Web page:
Much of the discussion around fashion resale has focused on the buying element of it. But according to Matt Cohen, vp of business development and strategy at sneaker reseller GOAT, “We have two types of consumers, and they’re both incredibly important.”
For resellers, it’s just as important to be courting sellers as it is to bring in buyers. As the proliferation of stores like GOAT, Stadium Goods and other resellers has increased, along with major investments from LVMH and Farfetch, customers looking to sell clothes have a plethora of options for where to do so. This has created a race among resellers to see who can streamline the selling process to make it as quick and efficient as possible.
“Our marketing team is always looking at general customer acquisition for both buyers and sellers,” said Cohen. “For example, this past weekend, we had a promotion for sellers with the Jordan Bred 4 release. It’s an iconic sneaker, and we knew this would be a big release for sellers, so we offered them a $15 credit if they sold it through us on release day.”
For many sellers, the primary sticking point is in shipping off the product. Often, sellers are expected to provide their own box with a printed-out shipping label, and drop it off at a post office. In some cases, it can take up to a week between sending off the item and receiving their payment.
For that reason, GOAT just opened its first two permanent drop-off locations in New York and Los Angeles last week. Instead of waiting days for the shoes to be shipped off, received and authenticated, and then receiving payment, customers can get in, drop off their shoes and get paid on the same day.
Cohen also teased that GOAT is looking at investor Foot Locker’s 3,000 locations around the world for more potential drop-offs. If GOAT did take advantage of its partnership with Foot Locker, it would massively increase the amount of in-person options for sellers.
“We’ve also worked to create a power seller dashboard,” said Cohen. “That’s a seller dashboard that helps them manage large-scale inventory. When we launched our first pop-up drop-off location in Culver City in 2017, it was over the holiday, and there was a high volume of sales. Dealing with UPS can be a pain, and you have to find packaging for everything. If you’re selling a lot of shoes, it’s a huge hassle.”
Cohen said that around 60% of its sellers are one-time sellers, unlikely to reliably sell again, and 40% are frequent sellers. Of that 40%, nearly half is driven by a very small group of sellers, some of whom sell millions of shoes each year through GOAT and other platforms. For those power sellers, GOAT also rolled out Goat Storage, a service that would let sellers who intend to sell large volumes of shoes store them with GOAT to be sold at a later date (provided they were bought from GOAT in the first place).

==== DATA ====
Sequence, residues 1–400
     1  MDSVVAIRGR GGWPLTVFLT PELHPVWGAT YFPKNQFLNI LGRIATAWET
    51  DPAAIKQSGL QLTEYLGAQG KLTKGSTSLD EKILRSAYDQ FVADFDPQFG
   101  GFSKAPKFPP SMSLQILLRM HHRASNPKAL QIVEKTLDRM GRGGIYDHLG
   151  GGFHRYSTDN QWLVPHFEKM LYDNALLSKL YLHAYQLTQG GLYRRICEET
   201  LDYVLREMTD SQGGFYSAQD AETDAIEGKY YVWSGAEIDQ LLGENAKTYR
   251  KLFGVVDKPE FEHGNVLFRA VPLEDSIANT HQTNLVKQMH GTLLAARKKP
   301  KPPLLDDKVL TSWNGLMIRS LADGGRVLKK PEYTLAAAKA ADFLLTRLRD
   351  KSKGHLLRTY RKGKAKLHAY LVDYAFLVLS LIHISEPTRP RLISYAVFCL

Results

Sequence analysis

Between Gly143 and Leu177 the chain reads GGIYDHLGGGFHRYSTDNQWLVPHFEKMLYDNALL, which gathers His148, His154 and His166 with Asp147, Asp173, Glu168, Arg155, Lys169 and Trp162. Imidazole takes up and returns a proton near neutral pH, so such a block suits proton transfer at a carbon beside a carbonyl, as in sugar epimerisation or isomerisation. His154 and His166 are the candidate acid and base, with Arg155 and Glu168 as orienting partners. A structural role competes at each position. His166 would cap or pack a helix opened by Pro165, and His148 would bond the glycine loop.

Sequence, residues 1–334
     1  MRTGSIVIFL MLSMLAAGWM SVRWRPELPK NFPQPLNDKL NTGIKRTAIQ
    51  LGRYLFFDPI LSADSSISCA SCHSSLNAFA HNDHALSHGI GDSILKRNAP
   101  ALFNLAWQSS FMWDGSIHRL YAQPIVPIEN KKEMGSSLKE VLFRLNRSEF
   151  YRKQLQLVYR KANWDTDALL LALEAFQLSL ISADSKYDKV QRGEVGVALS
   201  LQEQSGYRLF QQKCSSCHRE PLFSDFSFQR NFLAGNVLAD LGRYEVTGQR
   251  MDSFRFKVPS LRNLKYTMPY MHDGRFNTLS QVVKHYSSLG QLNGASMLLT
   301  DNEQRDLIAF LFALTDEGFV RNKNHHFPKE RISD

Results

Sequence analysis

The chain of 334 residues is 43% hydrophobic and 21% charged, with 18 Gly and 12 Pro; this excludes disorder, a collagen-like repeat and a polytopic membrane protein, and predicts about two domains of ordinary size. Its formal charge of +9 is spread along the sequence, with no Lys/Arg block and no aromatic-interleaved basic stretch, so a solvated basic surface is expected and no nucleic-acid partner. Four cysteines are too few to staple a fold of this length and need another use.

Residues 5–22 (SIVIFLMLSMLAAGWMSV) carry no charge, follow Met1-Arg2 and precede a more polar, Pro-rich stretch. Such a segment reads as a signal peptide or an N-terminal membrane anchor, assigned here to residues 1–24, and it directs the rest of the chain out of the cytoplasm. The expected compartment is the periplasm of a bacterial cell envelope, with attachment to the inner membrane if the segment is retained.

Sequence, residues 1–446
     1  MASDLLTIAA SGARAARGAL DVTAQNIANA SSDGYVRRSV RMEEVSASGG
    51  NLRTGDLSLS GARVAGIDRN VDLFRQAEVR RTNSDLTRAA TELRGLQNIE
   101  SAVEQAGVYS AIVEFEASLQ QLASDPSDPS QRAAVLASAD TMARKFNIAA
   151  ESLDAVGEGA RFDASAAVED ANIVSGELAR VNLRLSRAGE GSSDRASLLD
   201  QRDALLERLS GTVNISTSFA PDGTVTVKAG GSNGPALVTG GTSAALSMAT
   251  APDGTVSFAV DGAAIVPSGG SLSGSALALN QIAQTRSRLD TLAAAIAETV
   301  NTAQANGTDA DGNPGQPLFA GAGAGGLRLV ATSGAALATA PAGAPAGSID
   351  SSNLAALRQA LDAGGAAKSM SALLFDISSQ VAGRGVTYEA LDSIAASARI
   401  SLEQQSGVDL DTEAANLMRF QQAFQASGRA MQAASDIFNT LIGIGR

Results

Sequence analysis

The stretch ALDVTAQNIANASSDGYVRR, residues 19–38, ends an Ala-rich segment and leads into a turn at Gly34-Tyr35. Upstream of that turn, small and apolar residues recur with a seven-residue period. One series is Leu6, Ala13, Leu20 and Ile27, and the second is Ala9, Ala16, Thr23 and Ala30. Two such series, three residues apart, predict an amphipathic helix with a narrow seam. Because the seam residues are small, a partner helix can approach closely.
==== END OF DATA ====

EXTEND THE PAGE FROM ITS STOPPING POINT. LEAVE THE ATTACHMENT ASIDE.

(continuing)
Another reseller, StockX, has differentiated by establishing a catalog of available sneakers, by style, so that individual sellers do not need to create separate listings for their shoes or take photographs. They can instead just search the shoe they have and put out a price on it. StockX has also done several pop-up brick-and-mortar drop-offs, with each being larger than the last.
“After the first few smaller experimental pop-ups, we went big and got a spot on Broadway [in NYC’s SoHo neighborhood],” said Scott Newman, director of streetwear at StockX. “It was bananas, and from that point, we knew there was a need for [in-person drop-off]. Maybe it’s unfounded, but there is a distrust of shipping your items away, worrying they’ll get lost or something,”
For both of these resellers, the strategy for attracting sellers comes down to eliminating any friction and inconvenience from the selling process. With so many options available to them, sellers can afford to be picky about what they choose.
“What we’ve been trying to do is make it as easy as possible,” Newman said. “It’s also helpful for people who live nearby. They can just walk in, even if they weren’t planning on selling anything or don’t even know what StockX is. We can open up the app and show them right there who we are and how it works. It’s an opportunity to tell the story of StockX, too.”